On knowing what you want

Trauma can teach us that making decisions is dangerous.
Often, I feel more comfortable in limbo, or letting others choose for me.
Sometimes however, we are going to have to make a choice that can alter our lives.
When the possible consequences are life-changing, how do we move?

“Have you ever noticed how
‘What the hell’
is always the right decision to make?”

– Terry Johnson

Some decisions like what movie to watch, where to eat or what wall colour to pick can be deferred.
Others like what course to study, what country to live in or what partner we want, cannot.
What do I do when pro-con lists don’t do it and speaking to others doesn’t help?
When it truly depends on what my heart wants, I go with my gut.

“Being in command means making tough decisions.
Not being in command means shutting up
and doing what you’re told.”

– Eoin Colfer

I don’t want to be a passive participant to my own life.
And yet, by letting others choose for me, I am not in control of it.
For a long time, my friends were whoever asked me to hang out.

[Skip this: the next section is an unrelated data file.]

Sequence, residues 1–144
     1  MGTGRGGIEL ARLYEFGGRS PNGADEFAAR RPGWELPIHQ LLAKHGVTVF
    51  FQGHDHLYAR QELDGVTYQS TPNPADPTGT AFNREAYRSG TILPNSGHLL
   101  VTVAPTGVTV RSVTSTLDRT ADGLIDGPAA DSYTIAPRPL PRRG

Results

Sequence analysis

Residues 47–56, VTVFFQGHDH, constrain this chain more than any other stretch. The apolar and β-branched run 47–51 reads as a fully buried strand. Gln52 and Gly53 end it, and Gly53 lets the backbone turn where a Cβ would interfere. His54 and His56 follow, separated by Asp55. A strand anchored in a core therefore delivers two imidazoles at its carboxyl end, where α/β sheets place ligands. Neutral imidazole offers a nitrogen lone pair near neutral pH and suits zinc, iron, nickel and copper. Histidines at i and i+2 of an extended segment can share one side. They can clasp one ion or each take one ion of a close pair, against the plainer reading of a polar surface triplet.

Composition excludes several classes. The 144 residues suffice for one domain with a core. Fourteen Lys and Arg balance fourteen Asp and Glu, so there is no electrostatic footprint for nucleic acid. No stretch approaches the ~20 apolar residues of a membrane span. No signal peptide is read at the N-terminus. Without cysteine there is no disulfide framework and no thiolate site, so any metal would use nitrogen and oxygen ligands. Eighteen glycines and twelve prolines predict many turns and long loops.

My partners were whoever liked me, and my career was whatever I was good at.
My life was a series of coincidences.

But knowing and choosing what I want
means disappointing some,
and I was preferred
letting myself down over others.

Here comes my favourite word again: It all comes down to boundaries.
Can I say no to people without obsessing over it for weeks?
Can I choose A over B without wondering ‘what if’?
Can I allow myself to try out different paths for the sheer sake of it?
Today, I choose to say ‘What the hell’.

The purpose of life is to have a happy, fulfilling life,
not to go through it with upsetting the least amount of people.

At the end of the day, making a choice is like ripping off a bandaid.
After worrying over it for ages, I make an impromptu decision, and deal with the outcome.
How do you deal with making choices when your instinct is to let others make them for you?

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